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Procrastination is not necessarily laziness: The real motives behind the tendency to put things off

Posted by Deb Muoio

Dec 23, 2014 1:09:00 PM

It would be a misconception to state that procrastinators don’t get anything done. They do – eventually. In iStock_000010048393XSmallfact, history is full of famous procrastinators who achieved great things. In his book “The Procrastination Equation,” procrastination and motivation researcher/author Piers Steel reveals a surprising list of high-achieving lollygaggers. Architectural designer Frank Lloyd Wright sketched the blueprints of a project 3 hours before his client arrived. Author Margaret Atwood would get started on manuscripts at 3PM, after spending the entire morning and early afternoon procrastinating. A quick Google search will also drop names of accomplished procrastinators, including Agatha Christie, Albert Einstein, Robert Redford, and Renaissance man Leonardo da Vinci.

When people engage in what’s considered a bad habit, we sometimes make the mistake of using superficial explanations or judgments, especially when it comes to procrastination. Bosses, teachers, or family members will assume that procrastinators put things off because they are lazy, low achievers, or simply don’t care. However, several research studies, including one we conducted, reveal that there are other underlying reasons why many people avoid doing things.

In an effort to uncover these other reasons, we collected data from 1,655 test-takers who took our Procrastination Test. Results reveal that top procrastinators put things off for two main reasons - a lack of motivation and a low tolerance for frustration. And that noble excuse for handing an assignment in late because the employee was trying to make it “just right”? Our research agrees with other studies: perfectionism is often at the root of procrastination, both for the habitual and sporadic “slackers”..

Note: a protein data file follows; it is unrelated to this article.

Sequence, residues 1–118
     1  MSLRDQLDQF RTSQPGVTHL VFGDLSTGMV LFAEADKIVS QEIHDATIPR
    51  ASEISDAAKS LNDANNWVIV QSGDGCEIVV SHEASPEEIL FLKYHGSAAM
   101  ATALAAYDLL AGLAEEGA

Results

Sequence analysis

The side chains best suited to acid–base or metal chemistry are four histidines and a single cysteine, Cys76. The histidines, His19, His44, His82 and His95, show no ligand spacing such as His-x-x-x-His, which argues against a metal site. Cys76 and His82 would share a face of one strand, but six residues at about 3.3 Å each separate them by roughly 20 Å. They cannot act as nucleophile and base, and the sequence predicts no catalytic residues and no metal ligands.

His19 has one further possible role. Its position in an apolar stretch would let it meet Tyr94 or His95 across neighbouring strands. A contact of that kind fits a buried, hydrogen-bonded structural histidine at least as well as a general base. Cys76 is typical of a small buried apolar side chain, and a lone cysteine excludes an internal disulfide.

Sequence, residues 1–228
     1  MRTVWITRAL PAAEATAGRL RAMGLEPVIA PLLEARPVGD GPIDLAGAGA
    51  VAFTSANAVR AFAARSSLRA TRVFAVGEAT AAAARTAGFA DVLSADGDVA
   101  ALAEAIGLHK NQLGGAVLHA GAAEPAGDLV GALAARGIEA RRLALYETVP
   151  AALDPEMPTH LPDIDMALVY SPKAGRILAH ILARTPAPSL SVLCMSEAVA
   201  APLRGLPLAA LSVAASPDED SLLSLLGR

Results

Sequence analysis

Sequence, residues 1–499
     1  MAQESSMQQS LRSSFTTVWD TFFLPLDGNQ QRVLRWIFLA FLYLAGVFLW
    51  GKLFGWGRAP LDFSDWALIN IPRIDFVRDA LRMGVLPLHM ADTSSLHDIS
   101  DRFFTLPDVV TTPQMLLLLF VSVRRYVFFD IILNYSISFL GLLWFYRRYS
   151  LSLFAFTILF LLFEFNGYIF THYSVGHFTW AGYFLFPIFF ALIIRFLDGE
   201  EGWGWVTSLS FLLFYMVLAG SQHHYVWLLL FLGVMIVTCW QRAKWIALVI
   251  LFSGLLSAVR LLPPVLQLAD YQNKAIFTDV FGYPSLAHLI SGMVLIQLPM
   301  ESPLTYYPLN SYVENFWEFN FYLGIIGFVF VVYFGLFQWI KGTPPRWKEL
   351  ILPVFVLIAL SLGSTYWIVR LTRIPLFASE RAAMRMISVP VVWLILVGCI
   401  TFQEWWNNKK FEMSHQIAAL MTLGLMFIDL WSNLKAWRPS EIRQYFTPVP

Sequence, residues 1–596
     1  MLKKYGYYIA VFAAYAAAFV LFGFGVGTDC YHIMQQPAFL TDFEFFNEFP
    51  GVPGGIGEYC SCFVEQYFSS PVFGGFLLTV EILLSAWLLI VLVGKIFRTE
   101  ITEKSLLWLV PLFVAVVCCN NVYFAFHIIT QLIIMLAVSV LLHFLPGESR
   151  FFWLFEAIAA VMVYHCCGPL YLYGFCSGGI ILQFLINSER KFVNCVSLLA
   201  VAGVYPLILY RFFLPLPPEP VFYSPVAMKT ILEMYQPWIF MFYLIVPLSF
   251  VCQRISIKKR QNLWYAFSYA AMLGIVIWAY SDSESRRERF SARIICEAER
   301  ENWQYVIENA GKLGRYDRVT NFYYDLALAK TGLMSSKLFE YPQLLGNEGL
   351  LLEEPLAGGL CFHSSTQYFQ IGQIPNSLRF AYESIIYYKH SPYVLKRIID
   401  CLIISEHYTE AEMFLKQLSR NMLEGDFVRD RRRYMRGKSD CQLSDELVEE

The most common areas where both chronic and occasional procrastinators tend to lapse relates to health and well-being, like putting off a visit to the doctor. Gender comparisons indicate that women are slightly more likely to procrastinate on issues related to their health (score of 47 for women, 44 for men on a scale from 0 to 100). Women also tend to procrastinate more than men because of perfectionistic tendencies (57 vs. 52) and low tolerance for frustration (58 vs. 54).

Surprisingly, age analyses reveal that people 25 and older are slightly more likely to procrastinate than younger age groups, although the younger cohorts are more likely to suffer from a lack of motivation when they choose to put things off.

It’s not all bad news - procrastination does have a few benefits. You allow yourself more time to plan sufficiently, to let ideas simmer, and to relax a little rather than constantly stressing over getting things done. Some people also thrive on Eustress … they need the pressure to get their creative juices flowing.

The problem is, if you put things off on a consistent basis, to the point where your personal or professional life is negatively impacted, then this is when it’s become a serious liability.

For those who have made procrastination a habit, here are a few tips: